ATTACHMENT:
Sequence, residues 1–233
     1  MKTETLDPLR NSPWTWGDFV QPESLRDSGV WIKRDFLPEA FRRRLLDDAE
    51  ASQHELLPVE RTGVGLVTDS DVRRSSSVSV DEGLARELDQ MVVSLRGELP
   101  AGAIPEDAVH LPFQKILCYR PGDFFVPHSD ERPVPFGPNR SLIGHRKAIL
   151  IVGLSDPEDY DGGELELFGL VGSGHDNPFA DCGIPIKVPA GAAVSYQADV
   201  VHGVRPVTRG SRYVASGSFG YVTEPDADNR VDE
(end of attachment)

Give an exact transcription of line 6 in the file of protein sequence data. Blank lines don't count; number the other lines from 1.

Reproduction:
   201  VHGVRPVTRG SRYVASGSFG YVTEPDADNR VDE